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Young people, not without hope, are now most impoverished demographic
Poverty rates are now highest among people aged 18-25, according to a report. There is hope to reverse the trend, however, and it lies with education. - photo by Omar Etman
A report by the Organization for Economic Co-operation and Development, an economic cooperative of 34 countries including the United States, found that poverty rates are now highest among young adults ages 18-25.

Most of the OECD member nations included in the findings are western and wealthy but they were hit hard by the global recession and no population has felt the impact harder than the young adults.

More than 35 million young people are neither employed nor in education or training, according to the report, called the Skills Outlook, and the number is climbing. It represents "not only a personal calamity for those individuals concerned, says the report, but a squandered investment, because the skills acquired during education are not being put to productive use.

There is hope to reverse the trend, however, and it lies with the education system.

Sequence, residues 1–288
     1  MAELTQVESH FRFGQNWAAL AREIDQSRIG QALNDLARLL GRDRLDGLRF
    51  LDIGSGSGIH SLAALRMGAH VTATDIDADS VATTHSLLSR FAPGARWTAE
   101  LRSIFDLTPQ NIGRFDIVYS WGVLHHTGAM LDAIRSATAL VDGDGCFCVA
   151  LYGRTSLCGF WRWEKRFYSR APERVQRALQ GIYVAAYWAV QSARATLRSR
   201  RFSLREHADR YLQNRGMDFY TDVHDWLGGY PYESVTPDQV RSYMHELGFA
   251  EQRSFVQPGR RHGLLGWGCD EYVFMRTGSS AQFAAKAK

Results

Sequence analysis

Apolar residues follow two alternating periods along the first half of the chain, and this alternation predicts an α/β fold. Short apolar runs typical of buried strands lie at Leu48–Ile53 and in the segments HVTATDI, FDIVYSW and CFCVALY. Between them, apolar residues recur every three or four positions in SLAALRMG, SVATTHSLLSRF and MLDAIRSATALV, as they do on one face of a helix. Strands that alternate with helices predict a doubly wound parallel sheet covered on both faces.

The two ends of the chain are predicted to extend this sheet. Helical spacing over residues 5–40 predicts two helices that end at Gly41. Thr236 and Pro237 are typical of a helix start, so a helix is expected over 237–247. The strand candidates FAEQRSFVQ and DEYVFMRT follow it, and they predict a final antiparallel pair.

The effects of poverty on schools are especially felt in the United States. Last week, a survey of the top teacher from each state, conducted by Scholastic Inc., found that family stress and poverty are the biggest factors hurting student success. Asked which areas they felt needed more funding, the teachers returned three top choices: anti-poverty training, early learning and reducing barriers to learning.

The data in the OECD report reflected the areas of insufficiency. Of all participating countries, the United States came in last place in numeracy and four spots from the bottom in literacy. As poverty among young people rises, education suffers, and vice versa. An improved educational system would end the cycle.

In the report, the OECD addressed the ways to strengthen youth employability, beginning with shrinking the divide between skills gained in schools and their implementation in the workforce. Addressing this disconnect, and meeting needs of students and teachers, according to the report, will re-engage young people and lift them out of poverty.

Youth unemployment and underemployment have adverse and long-lasting consequences for both the individuals and the countries involved, the report says. It is in everyones interest, then, to work together so that young people have a smoother and faster route from the classroom to the workplace.
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